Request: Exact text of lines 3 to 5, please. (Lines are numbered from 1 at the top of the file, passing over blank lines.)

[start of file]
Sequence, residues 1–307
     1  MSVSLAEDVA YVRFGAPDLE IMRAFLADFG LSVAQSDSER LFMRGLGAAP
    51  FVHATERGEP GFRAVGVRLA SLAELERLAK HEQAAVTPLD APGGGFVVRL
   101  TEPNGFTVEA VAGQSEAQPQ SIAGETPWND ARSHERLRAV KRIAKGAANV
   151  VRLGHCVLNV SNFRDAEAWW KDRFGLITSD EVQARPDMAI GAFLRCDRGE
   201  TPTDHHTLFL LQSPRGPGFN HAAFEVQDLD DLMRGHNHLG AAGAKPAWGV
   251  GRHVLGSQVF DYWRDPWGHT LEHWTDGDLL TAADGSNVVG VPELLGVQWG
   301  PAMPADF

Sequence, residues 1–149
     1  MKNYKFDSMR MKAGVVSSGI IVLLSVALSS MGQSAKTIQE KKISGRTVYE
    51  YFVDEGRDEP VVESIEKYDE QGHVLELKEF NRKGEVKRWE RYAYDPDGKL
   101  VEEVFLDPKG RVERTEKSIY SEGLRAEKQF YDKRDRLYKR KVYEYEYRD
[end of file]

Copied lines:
    51  FVHATERGEP GFRAVGVRLA SLAELERLAK HEQAAVTPLD APGGGFVVRL
   101  TEPNGFTVEA VAGQSEAQPQ SIAGETPWND ARSHERLRAV KRIAKGAANV
   151  VRLGHCVLNV SNFRDAEAWW KDRFGLITSD EVQARPDMAI GAFLRCDRGE